This process may not be economically feasible for some pool builders, however, Guarino says. South Shore Gunite Pools doesn’t use subcontractors, and has three excavators, five 10-wheelers and a place to store all concrete and gravel produced. “A lot of it was just making use of what I have, basically,” he says.
Guarino advises investigating a crusher bucket; his first was called a Crush All, but “After a season, we named it ‘crush almost all’ because it just wasn’t working for us,” he says. “There was a lot of maintenance and downtime involved.” At a demo show in Atlanta, Guarino purchased another crusher bucket from Austrian company Haytal, a manufacturer he recommends highly: “The maintenance is practically nothing — grease it twice a day and it chews through almost everything.”
Spoiling the Staff Scott Waldo, president and founder of Platinum Pools, located in the Houston area, saw an increased need for construction workers in his company. “All of us [trade businesses] are having problems finding a workforce because of the political climate and a younger generation that doesn’t want to learn a trade or skill,” Waldo says. “I can’t let that slow down my growth.”
In 2015, he looked toward Puerto Rico for a dedicated construction work force. At the time, availability of work was dismal in that U.S. territory, due in part to its poor economy. “They all want to work — great people, American citizens,” Waldo says. “We’ve been bringing crews over from there, putting them in apartments, getting them set up for a couple of months, then bringing their families over.”
As of March, 11 workers have come from Puerto Rico to work for Platinum Pools, the last in June 2017; one now runs its steel and plumbing division. “We offer much more stable and consistent work,” Waldo says.
That changed when Hurricane Maria hit Puerto Rico in September 2017; currently, Puerto Ricans have more work in their area repairing the storm damage. Waldo and his staff are now going to high schools and working with Child Protective Services to help kids find and learn a trade through a Platinum Pools apprenticeship. “We pay for everything,” he says. “And we pay our crews a bonus if they can get these kids through a six-month apprenticeship cycle and they stay on with the company.”
Platinum Pools also provides breakfast twice a week; lunch once a week; weekly car washes and massages; and sends employees’ kids to summer camp every year.
Waldo also pays his employees’ kids for their grades: As are $40, Bs are $20. “Kids come in and meet with me, and we set goals, and the next time we meet we go over those goals,” Waldo says. “Some are getting ready to go to college, and we talk about all of that. It’s pretty neat. With the millennials, we map out how to get from where they are to where they want to be [in the company]. If you don’t map this out for a millennial, they won’t stay.”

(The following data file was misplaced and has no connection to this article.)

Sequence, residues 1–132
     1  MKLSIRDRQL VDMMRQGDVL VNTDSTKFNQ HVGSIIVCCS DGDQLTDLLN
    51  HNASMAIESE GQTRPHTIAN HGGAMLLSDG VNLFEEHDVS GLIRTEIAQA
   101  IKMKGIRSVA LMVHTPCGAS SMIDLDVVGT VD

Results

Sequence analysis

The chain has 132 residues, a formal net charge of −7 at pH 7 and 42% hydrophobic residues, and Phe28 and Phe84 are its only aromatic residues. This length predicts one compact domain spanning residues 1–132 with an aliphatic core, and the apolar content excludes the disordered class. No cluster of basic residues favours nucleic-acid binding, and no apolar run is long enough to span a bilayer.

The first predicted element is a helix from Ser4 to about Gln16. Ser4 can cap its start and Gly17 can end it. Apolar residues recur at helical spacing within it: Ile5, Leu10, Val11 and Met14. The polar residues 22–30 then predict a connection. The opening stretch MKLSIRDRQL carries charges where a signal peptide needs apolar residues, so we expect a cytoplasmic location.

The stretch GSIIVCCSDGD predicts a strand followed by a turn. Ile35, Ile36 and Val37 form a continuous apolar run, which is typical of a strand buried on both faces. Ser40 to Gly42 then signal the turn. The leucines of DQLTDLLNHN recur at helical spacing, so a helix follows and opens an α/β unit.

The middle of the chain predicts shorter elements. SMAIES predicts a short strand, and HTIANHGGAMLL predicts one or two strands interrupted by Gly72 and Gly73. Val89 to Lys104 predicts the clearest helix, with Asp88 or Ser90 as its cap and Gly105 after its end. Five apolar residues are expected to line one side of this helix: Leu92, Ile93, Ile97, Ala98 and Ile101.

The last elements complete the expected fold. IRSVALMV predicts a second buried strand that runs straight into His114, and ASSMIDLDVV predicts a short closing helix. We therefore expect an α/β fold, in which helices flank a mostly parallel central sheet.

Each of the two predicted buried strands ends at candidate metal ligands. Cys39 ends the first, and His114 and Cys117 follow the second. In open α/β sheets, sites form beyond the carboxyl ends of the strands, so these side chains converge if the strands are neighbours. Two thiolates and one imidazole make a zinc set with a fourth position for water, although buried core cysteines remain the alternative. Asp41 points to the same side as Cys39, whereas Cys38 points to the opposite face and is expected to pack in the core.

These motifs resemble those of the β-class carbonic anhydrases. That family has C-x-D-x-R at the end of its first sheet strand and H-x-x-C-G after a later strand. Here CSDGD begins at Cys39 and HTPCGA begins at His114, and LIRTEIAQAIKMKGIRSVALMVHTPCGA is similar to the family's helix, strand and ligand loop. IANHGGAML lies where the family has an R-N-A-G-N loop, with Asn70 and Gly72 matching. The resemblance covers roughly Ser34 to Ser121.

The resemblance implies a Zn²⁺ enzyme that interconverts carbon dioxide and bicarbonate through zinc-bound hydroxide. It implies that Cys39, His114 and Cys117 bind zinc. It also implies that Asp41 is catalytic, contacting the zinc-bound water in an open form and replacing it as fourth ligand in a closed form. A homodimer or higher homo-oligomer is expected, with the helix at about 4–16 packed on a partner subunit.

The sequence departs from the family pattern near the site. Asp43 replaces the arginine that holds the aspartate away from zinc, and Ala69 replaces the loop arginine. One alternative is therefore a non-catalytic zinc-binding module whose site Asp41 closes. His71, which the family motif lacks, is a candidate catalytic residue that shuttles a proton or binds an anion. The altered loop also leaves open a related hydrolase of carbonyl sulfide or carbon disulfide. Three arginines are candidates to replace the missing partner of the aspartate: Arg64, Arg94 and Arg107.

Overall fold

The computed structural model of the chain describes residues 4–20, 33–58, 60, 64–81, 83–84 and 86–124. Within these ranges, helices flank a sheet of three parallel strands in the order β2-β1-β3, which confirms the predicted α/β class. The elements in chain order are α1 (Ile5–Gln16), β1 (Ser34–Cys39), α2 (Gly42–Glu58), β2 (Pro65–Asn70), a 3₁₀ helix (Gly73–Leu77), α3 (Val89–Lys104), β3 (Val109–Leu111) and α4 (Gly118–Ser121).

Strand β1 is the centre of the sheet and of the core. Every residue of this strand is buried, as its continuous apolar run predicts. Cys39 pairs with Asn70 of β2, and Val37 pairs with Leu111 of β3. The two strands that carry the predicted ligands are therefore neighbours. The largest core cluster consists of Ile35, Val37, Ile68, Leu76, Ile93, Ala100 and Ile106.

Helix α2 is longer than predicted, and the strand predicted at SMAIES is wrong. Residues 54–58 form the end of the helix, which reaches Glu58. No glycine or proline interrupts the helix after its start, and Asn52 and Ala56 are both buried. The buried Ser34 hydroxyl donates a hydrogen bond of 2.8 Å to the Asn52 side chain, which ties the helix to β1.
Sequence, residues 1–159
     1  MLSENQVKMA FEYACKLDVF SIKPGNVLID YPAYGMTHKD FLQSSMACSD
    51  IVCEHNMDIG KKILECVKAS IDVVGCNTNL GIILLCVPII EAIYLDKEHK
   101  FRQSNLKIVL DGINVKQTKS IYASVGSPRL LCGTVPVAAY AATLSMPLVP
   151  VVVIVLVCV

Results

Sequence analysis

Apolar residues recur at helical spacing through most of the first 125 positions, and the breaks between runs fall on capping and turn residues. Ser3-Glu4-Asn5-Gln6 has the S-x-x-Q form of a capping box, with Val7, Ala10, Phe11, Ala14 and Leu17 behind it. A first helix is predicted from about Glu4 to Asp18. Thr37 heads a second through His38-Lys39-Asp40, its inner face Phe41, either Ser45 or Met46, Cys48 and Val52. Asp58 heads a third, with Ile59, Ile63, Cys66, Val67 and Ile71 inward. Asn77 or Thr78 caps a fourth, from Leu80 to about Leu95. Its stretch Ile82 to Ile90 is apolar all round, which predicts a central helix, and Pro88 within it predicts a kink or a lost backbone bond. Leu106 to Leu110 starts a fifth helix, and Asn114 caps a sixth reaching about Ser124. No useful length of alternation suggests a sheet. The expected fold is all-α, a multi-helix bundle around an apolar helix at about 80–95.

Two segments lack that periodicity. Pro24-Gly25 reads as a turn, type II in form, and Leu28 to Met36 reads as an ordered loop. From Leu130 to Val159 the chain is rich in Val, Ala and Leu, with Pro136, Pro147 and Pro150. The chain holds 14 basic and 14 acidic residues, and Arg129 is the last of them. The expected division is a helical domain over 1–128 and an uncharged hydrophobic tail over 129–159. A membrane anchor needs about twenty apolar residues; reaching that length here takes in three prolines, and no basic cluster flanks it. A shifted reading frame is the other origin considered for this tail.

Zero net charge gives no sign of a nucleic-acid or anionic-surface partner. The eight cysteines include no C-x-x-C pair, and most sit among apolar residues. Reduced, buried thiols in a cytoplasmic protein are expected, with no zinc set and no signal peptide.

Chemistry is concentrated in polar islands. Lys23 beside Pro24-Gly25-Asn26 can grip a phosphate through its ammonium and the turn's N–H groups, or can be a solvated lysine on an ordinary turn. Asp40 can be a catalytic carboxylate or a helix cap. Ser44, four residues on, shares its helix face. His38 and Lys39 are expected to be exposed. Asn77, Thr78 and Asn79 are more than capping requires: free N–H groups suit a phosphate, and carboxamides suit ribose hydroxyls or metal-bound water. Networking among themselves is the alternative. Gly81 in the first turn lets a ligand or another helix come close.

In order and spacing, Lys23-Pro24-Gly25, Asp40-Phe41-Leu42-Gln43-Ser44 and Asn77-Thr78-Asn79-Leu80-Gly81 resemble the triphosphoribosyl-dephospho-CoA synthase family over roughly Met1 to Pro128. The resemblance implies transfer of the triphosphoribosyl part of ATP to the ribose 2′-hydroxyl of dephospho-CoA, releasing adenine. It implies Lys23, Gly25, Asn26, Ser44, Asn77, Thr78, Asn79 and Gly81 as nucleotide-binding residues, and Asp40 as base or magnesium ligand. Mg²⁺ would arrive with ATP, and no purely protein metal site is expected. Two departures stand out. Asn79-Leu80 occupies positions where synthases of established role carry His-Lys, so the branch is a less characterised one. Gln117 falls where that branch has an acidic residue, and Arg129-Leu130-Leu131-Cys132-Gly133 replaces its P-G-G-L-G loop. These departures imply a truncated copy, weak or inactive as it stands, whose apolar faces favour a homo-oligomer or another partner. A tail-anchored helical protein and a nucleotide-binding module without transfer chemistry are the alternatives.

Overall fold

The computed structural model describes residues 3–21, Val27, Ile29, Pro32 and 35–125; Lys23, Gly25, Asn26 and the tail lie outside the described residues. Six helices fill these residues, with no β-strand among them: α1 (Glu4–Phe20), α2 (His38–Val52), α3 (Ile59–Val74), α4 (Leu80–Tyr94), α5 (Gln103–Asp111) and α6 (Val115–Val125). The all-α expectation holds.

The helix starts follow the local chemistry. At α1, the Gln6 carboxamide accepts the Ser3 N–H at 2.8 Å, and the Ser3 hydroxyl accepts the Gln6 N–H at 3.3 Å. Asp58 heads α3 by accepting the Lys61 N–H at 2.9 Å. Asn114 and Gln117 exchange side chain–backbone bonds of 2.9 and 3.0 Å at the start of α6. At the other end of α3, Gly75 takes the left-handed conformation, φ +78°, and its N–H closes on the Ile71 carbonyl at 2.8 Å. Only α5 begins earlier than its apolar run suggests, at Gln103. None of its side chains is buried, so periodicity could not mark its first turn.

Additionally, the company has $50,000 set aside for continuous education for any employee. “I tell them, ‘If one of you guys wants to learn something different so you can leave us, I’m OK with that,’ ” Waldo says. “ ‘We’re investing in you. If we can get you to a better place, and we’re not the right place because you want to do something else, we’ll help you get there.’ ”
For Waldo, investing in his employees provides the best fiscal benefit for Platinum Pools. “We probably spend more money marketing to the staff than we spend trying to get business because, if we can keep the employees happy, they will keep the clients happy and we’ll get more referrals.”
Fill ’Er Up When Taylor Hamlin and his cousins took over ownership of Hamlin Pools in Pharr, Texas, in 2013, the fleet of approximately 50 vehicles was using gas cards. Even with checks and balances on the system, the company was seeing lost time and money.
In 2016, Hamlin Pools brought its own gas tank on site. “We have a few warehouse employees that man the gas pump,” says Taylor Hamlin, part of the third generation of Hamlins to own the company. “Construction crews fill up in the afternoon when they come back from work, and service crews fill up in the morning on the way out. We monitor how much gas goes in each truck, and the mileage so we know we’re not getting robbed blind.”
The $20,000 investment for the 6,000-gallon tank has reduced wasted time, lowered costs and is a better checks-and-balances system, paying for itself in less than two years. He recommends checking with local authorities on the requirements and codes to operate a tank on site. One requirement stipulated that the reserve holdtwo to three times the amount of their tank, and the company builtit themselves.
Hamlin also recommends having someone watch the gas markets and purchase gas at the lowest price — and transitioning to the new system slowly. “Maintain your current system as a backup,” Hamlin says, “so that crew members, in a pinch, don’t end up stranded while they get used to the new system.”